Sometimes, I don’t think there is enough art (and writing and culture) devoted to capturing happiness. Stefan Sagmeister’s show at UPenn is great because it’s just that: happy stuff. Using typography and photography to illustrate inspirational sayings, it’s a bit like Pinterest got an art show… but in a good way!
But it’s not just light-weight eye candy. Sagmeister also incorporated some science into the show:
To contextualize the maxims that appear throughout the exhibition, Sagmeister has gathered the social data of Harvard psychologists Daniel Gilbert and Steven Pinker, psychologist Jonathan Haidt, anthropologist Donald Symons, and several prominent historians. A 12-minute segment of the Happy Film, a feature length exploration of whether it is possible to train the mind the way we train the body, will also be on view.
Cool. Especially since Daniel Gilbert is so great—he gave one of my very favorite TED Talks. It’s about how to be happy (of course) and the importance of synthetic happiness. Turns out, how we conceptualize happiness can really limit our enjoyment of things. Not everything has to be external for it to be real. Obviously, he explains it MUCH better than I am, so go watch it here.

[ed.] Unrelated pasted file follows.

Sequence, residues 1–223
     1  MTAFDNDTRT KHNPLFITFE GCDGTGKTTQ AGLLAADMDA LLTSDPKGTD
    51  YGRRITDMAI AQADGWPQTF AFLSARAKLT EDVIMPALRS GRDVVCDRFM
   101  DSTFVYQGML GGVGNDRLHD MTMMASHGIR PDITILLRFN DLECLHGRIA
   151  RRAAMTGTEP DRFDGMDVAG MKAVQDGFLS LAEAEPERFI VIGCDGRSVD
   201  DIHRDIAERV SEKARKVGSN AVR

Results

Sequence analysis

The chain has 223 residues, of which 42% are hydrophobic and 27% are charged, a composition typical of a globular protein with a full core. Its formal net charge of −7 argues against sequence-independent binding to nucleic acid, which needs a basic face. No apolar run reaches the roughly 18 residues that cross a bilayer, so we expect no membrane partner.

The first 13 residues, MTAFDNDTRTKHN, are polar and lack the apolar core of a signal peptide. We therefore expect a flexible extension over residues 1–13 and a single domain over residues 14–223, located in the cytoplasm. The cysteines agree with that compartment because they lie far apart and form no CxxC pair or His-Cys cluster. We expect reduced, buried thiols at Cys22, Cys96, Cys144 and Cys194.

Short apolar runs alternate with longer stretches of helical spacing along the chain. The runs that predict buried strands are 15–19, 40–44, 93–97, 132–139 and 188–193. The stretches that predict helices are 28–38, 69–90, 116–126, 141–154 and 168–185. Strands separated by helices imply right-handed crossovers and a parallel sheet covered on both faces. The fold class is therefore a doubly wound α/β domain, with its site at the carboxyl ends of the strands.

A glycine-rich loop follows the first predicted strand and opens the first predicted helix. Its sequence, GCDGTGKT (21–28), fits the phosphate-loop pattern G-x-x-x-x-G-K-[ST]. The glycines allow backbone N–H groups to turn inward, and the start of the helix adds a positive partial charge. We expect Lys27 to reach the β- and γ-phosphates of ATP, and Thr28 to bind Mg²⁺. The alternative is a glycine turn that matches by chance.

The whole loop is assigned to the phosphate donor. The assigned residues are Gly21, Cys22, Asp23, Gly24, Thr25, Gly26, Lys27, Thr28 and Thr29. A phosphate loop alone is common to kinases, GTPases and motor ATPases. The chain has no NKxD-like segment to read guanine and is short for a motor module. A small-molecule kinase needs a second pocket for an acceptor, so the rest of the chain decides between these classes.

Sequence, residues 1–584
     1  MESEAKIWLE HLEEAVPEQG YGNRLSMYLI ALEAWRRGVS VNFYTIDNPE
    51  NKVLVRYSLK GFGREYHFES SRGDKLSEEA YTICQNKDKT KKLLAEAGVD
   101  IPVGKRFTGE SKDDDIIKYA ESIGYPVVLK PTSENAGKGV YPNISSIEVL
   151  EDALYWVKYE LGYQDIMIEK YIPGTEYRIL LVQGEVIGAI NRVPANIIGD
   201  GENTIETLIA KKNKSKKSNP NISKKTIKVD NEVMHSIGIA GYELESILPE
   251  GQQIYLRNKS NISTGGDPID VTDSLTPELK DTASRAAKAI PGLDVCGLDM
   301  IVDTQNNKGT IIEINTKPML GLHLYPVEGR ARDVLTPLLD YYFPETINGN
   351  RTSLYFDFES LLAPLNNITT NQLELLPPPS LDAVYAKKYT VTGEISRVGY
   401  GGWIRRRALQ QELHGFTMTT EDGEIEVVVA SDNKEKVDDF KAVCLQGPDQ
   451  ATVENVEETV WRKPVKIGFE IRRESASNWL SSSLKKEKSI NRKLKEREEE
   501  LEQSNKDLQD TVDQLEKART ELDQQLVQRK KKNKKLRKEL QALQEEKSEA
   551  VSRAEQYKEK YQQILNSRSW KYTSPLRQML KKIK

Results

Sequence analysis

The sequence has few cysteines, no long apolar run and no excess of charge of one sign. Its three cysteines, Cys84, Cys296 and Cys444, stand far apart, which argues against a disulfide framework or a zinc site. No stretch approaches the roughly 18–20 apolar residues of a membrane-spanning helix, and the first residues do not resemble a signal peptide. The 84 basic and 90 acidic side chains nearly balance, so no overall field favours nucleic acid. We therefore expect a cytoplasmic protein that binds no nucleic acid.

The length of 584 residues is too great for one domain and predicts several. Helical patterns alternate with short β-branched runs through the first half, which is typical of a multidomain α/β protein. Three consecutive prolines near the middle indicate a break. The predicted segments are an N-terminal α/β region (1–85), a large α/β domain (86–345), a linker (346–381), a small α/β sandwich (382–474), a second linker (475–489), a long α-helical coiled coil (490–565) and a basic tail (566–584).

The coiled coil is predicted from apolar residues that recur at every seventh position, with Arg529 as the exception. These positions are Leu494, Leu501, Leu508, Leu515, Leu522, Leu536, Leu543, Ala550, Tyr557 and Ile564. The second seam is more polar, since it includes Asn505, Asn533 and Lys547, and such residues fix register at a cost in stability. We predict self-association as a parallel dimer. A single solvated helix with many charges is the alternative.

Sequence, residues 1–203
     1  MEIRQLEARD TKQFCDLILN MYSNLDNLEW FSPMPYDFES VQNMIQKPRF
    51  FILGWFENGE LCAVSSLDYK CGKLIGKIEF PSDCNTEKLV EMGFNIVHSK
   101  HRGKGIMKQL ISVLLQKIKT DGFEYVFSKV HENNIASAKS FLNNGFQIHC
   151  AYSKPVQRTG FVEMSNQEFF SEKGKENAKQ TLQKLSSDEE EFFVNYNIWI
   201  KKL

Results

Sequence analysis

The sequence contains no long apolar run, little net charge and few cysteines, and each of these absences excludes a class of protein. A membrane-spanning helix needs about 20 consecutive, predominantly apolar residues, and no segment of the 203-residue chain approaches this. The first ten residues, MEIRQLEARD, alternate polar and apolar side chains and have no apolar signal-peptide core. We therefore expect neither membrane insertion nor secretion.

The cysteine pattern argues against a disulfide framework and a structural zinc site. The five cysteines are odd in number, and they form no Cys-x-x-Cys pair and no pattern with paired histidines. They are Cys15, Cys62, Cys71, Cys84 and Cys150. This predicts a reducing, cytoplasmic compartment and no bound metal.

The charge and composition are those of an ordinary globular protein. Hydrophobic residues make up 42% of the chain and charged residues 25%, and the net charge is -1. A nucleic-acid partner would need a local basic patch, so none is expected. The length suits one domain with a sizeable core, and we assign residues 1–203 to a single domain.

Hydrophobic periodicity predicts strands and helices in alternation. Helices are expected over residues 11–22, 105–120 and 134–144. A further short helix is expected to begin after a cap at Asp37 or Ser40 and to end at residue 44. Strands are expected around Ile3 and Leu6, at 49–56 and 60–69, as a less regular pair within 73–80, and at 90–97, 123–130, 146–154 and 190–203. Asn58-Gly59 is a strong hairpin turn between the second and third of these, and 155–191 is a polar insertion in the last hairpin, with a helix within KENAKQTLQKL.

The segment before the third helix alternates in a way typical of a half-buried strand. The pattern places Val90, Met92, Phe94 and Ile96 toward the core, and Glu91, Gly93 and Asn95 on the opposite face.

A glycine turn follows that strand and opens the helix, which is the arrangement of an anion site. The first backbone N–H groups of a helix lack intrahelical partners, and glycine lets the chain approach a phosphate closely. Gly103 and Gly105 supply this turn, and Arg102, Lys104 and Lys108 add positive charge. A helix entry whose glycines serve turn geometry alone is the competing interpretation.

Finally, though it’s a little unrelated, Sagmeister’s art reminded me of a great video that I think I found via the Jezebel commenting section. But don’t let that stop you from watching it! It’s a really great video on what being “pretty” means, and why you should never, ever want to be “just pretty.” Trust me on this one, it’s pretty cool.
Image: “Trying to look good limits my life” Art direction: Stefan Sagmeister. Design: Stefan Sagmeister, Matthias Ernstberger. Photography: Matthias Ernstberger. Client: Art Grandeur Nature.